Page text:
Wasnt there a similar rifle sold by Romania here in the States for awhile? I seem to remember something of the sort..??If there is a single rifle that U.S. collectors have begged to see return, it's the legendary Dragunov. There really aren't many imported firearms that have befallen the sort of misfortune emodernrifleman.net
Hungary’s FEG Looks to Bring the SVD Back to the States
Modern Rifleman May 31, 2019 No Commentson Hungary’s FEG Looks to Bring the SVD Back to the States
If there is a single rifle that U.S. collectors have begged to see return, it’s the legendary Dragunov. There really aren’t many imported firearms that have befallen the sort of misfortune experienced by the SVD. In the early 1990s, SVD-style rifles sold in the U.S. could be sourced from either China (NDM-86) or Russia (Tigr/SVD). Then, in 1993, Chinese firearms were largely banned from import following a sting operation which revealed U.S. importers, on behalf of Norinco (the maker of the NDM-86), had arranged to illegally import machine guns and shoulder-fired rocket launchers. Then, in 1996, a Voluntary Restraint Agreement (VRA) between the United States and Russia banned Russian-made models from import as well, effectively eliminating the second and final source of SVDs for U.S. buyers. Since then, secondary market prices for Tigr and NDM rifles have increased steadily and it isn’t unusual for examples of either to eclipse the $5,000 mark.
Thanks to the newly formed FEG Defense, we may soon se the return of the SVD – this time from Hungary in the form of the HD-18. According to a company representative, FEG Defense is in no way affiliated with the original FEG (Fegyver- és Gépgyár), but allegedly has access to original equipment, blueprints, and parts made by FEG. From information shared on TheAKForum and AR15.com, the new owners were sorting through some of the FEG assets they had acquired when they came across original FEG-made SVD parts, plans, and tooling. They now intend to resume production of the rifles with the U.S. market in mind.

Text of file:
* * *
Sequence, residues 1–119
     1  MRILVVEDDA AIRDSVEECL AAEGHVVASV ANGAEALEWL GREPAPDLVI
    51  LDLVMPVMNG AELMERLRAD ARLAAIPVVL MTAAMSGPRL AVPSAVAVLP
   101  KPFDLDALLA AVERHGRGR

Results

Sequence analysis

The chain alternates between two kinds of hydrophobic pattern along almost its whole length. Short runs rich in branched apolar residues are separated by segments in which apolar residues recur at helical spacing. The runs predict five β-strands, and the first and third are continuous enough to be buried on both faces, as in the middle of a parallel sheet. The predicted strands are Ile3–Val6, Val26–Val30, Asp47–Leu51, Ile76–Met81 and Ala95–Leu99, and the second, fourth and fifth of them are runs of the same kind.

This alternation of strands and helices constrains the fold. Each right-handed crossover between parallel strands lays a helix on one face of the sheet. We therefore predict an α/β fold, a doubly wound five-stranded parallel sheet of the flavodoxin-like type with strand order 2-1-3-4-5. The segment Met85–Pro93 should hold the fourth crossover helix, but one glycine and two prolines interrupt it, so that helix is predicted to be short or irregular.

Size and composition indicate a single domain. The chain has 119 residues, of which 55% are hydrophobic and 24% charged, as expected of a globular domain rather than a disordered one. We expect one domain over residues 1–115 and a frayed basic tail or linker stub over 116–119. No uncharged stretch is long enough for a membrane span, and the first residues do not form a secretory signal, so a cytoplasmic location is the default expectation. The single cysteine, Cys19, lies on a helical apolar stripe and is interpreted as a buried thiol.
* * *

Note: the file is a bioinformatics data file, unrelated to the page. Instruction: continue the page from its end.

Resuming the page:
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For many collectors, this news was a shock not only because new SVDs have largely been thought of as a pipe dream. To date, there’s no real evidence that Hungary ever produced their own SVDs. “Hungarian” examples shown before have all (to my knowledge) been Soviet/Russian rifles with associated markings. While technically any SVDs in Hungary at this point should be importable thanks to the fact that effectively all of them have been there for more than 5 years. The issue is that, for some reason, the ATF hasn’t ever seemed to care about this mitigating factor when (dis)approving applications to import SVDs from nations other than Russia.
The obvious question for a lot of us is, “how much will this thing cost?” As you might expect, it won’t be cheap. FEG appears to be targeting around $3,800 for the rifle but has acknowledged that it could go for as much as $5,000. They’ve also pointed out that earlier production guns will likely cost more than those released later on. These dynamics aren’t surprising; the problem is that they disincentivize all but the most dedicated from hopping on the early production train. Enough hesitation, and the HD-18 may not happen. So far, FEG has managed to secure theoretical buyers for the 100 initial rifles, though no money has exchanged hands and even ATF approval still needs to be secured. Needless to say, plenty of things still need to go right for us to see the HD-18 on the U.S. market.